May 31, 2011

Cheung Chau Island (Part 2 – Food and Drink)

Yesterday I wrote a post about taking a day trip to Cheung Chau Island while I was in Hong Kong. But I didn’t show you everything, so today, I bring you more Cheung Chau fun!

First, I have some pictures of the dim sum I ate for brunch on Cheung Chau.

Look at all those steaming backets filled with various goodies.

In the full post: chicken feet, shrimp dumplings and gaiwan cups. (more…)

May 30, 2011

Cheung Chau Island (Part 1)

During my first full day in Hong Kong, my friend took me to one of the outlying islands of Hong Kong, Cheung Chau island (長州). Hong Kong is basically made up of 4 areas: Kowloon and the New Territories on the mainland, Hong Kong Island across the bay, and the Outlying Islands, the other 232 or so islands. Cheung Chau is one of the easier to get to islands and fairly small island, making it easy to go to for a day trip. It mostly functions as a little fishing port. Fishing is the main industry for the 30,000 people who live on (and around) the island. (But “around the island,” I mean that some people live in their boats.) It takes about an hour and 4 USD to get to Cheung Chau from Central port in downtown Hong Kong.

Cheung Chau Port. Unlike Hong Kong Island, Kowloon and the New Territories, this island has no high-rises, making it less overwhelming. But it is by no means laid back. We were swimming through massive crowds all day long.

So many people! Rumor has it that many Hong Kongers get the idea that it might be nice to getaway for a relaxing weekend trip to this island. But with so many people, visiting Cheung Chau is not at all relaxing.

Starfish for sale. I asked my friend if people eat starfish. She told me that they use it to flavor soups.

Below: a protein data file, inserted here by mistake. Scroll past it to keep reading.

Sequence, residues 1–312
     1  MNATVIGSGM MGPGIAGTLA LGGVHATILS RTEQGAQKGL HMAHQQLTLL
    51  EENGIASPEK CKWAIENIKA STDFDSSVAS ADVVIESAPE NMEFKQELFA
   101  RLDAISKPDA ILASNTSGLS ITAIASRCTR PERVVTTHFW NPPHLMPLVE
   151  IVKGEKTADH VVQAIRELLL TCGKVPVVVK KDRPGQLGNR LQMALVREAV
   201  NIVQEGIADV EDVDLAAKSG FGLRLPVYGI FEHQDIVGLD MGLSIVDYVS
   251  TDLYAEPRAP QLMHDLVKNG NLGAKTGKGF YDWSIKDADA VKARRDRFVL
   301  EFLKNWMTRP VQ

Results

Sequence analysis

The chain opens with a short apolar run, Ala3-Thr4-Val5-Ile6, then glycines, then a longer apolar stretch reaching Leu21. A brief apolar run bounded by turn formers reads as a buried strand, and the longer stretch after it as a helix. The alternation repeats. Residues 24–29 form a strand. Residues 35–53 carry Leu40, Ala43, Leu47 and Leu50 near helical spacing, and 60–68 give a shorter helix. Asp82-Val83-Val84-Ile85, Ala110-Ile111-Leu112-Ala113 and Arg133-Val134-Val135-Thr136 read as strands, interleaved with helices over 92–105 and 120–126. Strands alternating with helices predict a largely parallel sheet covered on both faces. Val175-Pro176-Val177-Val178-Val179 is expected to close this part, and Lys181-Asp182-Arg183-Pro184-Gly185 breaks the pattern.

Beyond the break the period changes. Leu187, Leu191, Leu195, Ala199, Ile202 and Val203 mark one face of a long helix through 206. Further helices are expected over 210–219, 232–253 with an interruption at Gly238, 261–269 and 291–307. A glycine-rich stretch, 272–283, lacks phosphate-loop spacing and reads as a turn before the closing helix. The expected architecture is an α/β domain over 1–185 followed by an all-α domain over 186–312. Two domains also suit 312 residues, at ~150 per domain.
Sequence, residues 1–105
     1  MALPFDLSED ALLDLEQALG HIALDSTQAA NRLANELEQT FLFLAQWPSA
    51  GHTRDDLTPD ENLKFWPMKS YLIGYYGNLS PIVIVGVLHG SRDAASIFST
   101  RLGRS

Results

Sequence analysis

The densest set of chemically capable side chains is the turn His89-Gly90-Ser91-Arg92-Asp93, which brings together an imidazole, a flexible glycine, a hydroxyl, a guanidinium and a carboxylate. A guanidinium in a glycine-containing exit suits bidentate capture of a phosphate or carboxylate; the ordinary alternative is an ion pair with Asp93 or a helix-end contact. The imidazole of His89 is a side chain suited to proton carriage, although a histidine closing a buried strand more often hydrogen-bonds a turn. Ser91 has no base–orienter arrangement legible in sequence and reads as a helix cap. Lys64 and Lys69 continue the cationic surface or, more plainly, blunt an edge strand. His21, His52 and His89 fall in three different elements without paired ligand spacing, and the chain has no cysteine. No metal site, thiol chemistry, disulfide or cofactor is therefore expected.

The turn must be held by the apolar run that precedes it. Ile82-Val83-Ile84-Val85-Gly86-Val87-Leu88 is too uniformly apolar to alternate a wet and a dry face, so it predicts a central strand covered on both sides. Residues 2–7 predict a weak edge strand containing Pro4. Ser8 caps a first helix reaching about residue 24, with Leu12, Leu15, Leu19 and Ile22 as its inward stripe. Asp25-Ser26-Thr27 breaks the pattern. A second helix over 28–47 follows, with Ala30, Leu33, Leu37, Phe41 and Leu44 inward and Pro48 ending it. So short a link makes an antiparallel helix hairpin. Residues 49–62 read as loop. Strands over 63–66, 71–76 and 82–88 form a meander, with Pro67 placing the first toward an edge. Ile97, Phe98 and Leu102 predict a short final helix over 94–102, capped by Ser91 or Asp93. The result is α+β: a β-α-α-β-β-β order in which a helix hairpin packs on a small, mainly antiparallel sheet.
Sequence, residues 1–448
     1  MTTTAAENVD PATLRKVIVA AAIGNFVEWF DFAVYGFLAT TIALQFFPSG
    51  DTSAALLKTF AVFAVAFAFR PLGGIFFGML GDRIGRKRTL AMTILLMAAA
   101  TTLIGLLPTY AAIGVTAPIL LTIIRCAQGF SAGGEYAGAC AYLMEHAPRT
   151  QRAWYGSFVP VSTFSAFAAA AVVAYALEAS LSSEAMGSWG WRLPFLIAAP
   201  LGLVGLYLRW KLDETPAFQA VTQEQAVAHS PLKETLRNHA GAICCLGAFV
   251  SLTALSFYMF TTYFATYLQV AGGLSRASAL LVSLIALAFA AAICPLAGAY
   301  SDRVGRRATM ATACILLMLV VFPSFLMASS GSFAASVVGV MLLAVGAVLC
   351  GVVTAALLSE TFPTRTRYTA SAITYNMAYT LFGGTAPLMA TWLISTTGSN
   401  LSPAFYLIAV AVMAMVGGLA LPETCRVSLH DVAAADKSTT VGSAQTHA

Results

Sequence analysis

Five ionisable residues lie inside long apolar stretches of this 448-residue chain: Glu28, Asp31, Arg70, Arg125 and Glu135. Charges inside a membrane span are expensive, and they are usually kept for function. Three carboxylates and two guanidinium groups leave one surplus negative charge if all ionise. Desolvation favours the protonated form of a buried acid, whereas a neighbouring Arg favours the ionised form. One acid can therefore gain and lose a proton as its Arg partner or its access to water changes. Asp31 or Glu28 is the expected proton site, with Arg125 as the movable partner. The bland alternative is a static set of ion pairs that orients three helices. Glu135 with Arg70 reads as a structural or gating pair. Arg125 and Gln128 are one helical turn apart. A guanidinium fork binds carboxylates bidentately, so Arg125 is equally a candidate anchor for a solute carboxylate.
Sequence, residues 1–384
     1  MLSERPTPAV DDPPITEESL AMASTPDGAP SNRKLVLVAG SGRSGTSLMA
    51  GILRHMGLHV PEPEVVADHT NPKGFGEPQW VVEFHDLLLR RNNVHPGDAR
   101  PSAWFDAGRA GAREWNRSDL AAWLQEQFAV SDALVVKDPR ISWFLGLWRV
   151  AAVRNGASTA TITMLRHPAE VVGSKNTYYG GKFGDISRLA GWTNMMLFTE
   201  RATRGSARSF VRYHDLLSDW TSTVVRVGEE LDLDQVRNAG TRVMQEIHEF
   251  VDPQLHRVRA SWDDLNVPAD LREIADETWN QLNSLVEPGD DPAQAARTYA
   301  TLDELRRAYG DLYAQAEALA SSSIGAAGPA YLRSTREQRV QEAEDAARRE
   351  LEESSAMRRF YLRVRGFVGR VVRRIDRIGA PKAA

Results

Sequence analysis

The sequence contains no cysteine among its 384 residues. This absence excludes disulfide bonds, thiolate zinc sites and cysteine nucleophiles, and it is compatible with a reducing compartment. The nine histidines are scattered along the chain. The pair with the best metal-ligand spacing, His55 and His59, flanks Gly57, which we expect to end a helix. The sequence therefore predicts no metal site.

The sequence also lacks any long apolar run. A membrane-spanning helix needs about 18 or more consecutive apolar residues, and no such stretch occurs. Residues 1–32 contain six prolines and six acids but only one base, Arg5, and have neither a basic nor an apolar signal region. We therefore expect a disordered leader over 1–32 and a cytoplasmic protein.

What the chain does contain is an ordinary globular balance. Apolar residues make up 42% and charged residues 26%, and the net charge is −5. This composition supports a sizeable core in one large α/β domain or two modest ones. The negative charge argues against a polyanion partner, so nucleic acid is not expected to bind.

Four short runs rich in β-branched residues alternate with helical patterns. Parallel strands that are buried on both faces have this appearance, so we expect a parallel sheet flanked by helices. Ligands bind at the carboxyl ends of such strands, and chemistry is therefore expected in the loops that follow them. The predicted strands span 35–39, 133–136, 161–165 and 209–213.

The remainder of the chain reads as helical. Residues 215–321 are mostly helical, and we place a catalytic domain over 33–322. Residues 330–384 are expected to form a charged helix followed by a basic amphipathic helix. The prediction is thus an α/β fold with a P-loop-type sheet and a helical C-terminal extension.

Click to see more more more pictures! (more…)

May 25, 2011

The Hong Kong Skyline

Hong Kong is often cited as one of the most impressive skylines in the world, and considering how dense the city is, it’s no surprise that downtown Hong Kong is filled with skyscrapers. The tall buildings are most impressive at night, when the neon lights shine bright enough to block out the stars. But it’s not just in downtown. Even when I ventured to areas near the end of the MTR (Hong Kong’s metro)  line, I still saw high rise after high rise.

Hong Kong is proud of it’s skyline and they show every evening, 365 days a year, at 8 pm with a light show. My friend told me that sometimes the announcements that run during the show are in English, sometimes Mandarin and sometimes Cantonese. She isn’t sure why it changes or when. When I saw the light show, the announcements were in Mandarin, which is Greek to me, so if the announcements enhance the experience in any way, then I missed out.

The light show and the skyline is on Hong Kong island, in the Central district, but to get the best view you need to be across the bay. From Central, you can take the star ferry to Tsim Sha Tsui for just a few Hong Kong Dollars (less than 50 cents USD). While lounging on the steps outside of the Hong Kong Museum of Art and watching the show, you can also check your e-mail (if you have a WiFi deviece such as an iPhone). That area has free government WiFi. I wish there was free WiFi in the downtowns of more cities!

A junk boat passes in front of the Hong Kong skyline.

Skyline Light show


May 24, 2011

Hong Kong Market (for the ladies)

I arrived in Hong Kong on Saturday afternoon. After going through customs, I met my friend at the airport (she was only a little late). She took me back to her apartment so I could put my stuff down and we headed out for some quick sightseeing. She took me to a night market called the Ladies Market, located in Kowloon. At the ladies market, you can find a variety of cheap-o goods for sale, from knock-off handbags to souvenirs. But the real draw of any outdoor market is the atmosphere and the people watching.

Chinese style souvenirs

Shoes (for the ladies)

More photos in the full post…


May 23, 2011

Golden Week

Golden Week is one of my favorite times of the year. Around the first week of May, Japan has 4 public holidays. They are so close together, that it is usually possible to take a week off of work, but only take 2 vacation days. It is one of the busiest times to travel both within Japan and to and from Japan. This year, Showa Day fell on April 29th, Constitution Memorial Day was May 3rd, Greenery Day was May 4th, and Children’s Day was May 5th. I decided to take off the last week of April and the first week of May so that I could enjoy a Double Golden Week!